Finding Success by Democratizing Leadership
“My three operative words are access, relevance and sustainability. And if we are not relevant and successful, we are not going to be sustainable.” —Greg Cameron
For people who don’t know about fine arts (such as art museums, ballet, theater) there’s a sense that these institutions exist without a risk of turning off the lights. Some are unaware of the fact that donors are constantly giving to make these institutions possible. Talent will flock to the stage or the gallery with their best, most affecting work. The public will happily consume the art and leave feeling unconcerned about the relative security of the organization. The relationship of the audience to the art can come across as a one-way street: art will always be there for us to take it in, and all we need to do is buy a ticket.
In reality, the nature of art is anything but simple: it takes constant and dedicated effort at all levels to keep donors invested, audiences satisfied, and organizations humming. The Joffrey Ballet, a dance company dating back to 1956, has come to rely on the wits and clarifying leadership of Greg Cameron. As the Joffrey’s President and Chief Executive Officer—a position he was elevated to in July after serving as Executive Director since 2013—Cameron came to the company with three decades of experience in arts administration, having spent nearly 20 years at the Museum for Contemporary Art, five years at the Art Institute, and five years at WTTW.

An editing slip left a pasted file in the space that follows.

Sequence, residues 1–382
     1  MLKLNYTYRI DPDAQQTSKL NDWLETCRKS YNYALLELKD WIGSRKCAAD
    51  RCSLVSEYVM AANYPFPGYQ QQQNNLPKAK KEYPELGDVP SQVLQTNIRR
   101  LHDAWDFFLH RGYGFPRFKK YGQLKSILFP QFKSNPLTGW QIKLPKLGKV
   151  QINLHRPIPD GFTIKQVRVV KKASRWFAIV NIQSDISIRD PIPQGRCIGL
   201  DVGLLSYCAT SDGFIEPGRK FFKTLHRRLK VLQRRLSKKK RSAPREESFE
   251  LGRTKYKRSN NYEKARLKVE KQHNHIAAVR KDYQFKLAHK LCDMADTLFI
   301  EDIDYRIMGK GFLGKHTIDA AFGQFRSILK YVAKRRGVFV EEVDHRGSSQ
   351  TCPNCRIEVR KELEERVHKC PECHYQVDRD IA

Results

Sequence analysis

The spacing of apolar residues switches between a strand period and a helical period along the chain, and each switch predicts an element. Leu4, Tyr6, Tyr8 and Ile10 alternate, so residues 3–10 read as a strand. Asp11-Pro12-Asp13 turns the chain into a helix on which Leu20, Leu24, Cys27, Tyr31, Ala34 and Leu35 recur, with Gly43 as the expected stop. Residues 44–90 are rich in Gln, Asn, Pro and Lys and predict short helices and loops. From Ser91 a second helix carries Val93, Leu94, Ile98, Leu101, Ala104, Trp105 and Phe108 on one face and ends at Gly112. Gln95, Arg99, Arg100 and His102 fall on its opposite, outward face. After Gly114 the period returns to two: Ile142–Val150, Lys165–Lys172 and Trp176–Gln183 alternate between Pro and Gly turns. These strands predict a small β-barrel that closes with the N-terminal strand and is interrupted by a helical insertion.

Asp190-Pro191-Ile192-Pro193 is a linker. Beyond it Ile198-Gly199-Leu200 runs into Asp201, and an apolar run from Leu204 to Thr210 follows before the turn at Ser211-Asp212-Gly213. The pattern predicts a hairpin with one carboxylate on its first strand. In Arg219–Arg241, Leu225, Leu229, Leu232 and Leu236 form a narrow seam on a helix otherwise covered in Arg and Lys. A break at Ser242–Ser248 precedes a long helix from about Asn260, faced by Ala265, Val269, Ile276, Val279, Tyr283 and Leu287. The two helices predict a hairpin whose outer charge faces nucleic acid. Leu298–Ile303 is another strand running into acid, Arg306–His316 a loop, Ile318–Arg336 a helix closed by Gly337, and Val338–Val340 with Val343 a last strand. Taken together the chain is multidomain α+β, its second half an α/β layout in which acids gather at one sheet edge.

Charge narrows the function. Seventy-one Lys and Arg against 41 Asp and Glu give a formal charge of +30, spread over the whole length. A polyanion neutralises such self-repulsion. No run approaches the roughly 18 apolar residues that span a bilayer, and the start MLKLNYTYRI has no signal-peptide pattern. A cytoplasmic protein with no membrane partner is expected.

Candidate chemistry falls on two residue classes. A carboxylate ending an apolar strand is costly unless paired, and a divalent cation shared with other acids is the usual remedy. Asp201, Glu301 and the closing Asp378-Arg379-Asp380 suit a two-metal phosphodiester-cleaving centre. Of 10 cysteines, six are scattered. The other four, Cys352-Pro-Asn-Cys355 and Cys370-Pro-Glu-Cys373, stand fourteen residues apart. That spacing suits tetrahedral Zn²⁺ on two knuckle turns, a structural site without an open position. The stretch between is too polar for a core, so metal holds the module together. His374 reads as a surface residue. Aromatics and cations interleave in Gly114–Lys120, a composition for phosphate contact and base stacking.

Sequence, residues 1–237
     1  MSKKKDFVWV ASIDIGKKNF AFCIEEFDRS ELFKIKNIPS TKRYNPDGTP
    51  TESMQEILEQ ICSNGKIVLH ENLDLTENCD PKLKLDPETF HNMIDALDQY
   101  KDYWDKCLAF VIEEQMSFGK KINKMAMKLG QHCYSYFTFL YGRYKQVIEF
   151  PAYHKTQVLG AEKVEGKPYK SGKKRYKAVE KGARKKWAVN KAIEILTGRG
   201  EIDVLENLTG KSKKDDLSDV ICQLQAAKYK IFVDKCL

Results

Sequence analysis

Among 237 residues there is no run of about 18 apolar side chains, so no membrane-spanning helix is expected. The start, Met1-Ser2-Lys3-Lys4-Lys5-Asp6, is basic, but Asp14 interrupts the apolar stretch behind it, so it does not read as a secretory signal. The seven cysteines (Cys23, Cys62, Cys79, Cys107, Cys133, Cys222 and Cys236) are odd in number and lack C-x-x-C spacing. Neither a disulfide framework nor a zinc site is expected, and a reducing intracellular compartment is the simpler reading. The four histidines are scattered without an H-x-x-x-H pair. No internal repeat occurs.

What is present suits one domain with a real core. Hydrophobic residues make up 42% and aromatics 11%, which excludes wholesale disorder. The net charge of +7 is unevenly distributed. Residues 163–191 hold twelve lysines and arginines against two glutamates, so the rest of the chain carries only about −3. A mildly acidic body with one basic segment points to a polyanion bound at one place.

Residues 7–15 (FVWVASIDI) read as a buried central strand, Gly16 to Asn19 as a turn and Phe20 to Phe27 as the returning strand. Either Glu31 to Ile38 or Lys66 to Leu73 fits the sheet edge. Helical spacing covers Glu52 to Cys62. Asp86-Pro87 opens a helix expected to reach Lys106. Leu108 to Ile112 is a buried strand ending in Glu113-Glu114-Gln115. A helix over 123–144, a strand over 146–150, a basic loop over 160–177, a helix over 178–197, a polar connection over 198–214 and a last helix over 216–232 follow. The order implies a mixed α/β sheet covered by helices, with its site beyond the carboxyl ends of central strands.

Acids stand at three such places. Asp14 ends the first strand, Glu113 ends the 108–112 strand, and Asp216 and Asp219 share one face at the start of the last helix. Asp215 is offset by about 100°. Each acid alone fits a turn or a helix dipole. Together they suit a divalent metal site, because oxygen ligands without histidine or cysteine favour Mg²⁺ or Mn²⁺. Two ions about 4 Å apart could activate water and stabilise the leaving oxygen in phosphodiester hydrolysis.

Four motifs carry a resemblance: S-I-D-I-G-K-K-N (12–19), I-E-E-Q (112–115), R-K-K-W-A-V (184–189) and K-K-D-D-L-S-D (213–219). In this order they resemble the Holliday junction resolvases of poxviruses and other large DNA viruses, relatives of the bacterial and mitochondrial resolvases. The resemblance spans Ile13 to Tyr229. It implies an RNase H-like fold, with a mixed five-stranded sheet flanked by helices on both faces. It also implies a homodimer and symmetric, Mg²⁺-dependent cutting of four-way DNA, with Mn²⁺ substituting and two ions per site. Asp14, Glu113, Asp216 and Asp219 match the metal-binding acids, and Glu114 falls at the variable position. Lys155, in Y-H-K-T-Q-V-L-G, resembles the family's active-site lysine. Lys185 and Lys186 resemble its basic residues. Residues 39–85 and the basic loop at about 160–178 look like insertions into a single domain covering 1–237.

Cameron has always held a passion for art. He doesn’t categorize himself as an artist, but as a dot connector: “As a little kid I loved doing those connect-the-dots drawings,” he says. “You would have 40 dots on a page and suddenly, ‘Oh there is a bird!’ I think my job is to be a dot connector. And that’s what I do every day.”
Cameron advocates building a strong organizational culture, founded on trust and respect. His leadership style is to lead by example, recalling his promise to employees when he first started at the Joffrey that “I will do anything that I ask you to do.”
Cameron firmly believes in democratizing art so that hardly any hurdles exist between the public and the painting, stage or performers. He acknowledges the work everyone at the Joffrey does to make the company an international leader in the arts—specifically ballet. With the belief that ballet is for everyone, the Joffrey spares no effort to be as inclusive as possible and thinks about diversity in the broader sense: race, gender, sexuality and physical access. “We now have large-print programs at the Auditorium Theatre and have [ASL] signing at every program that we do where there is spoken language,” Cameron says. “We did a sensory-sensitive performance here for parents with kids with autism.”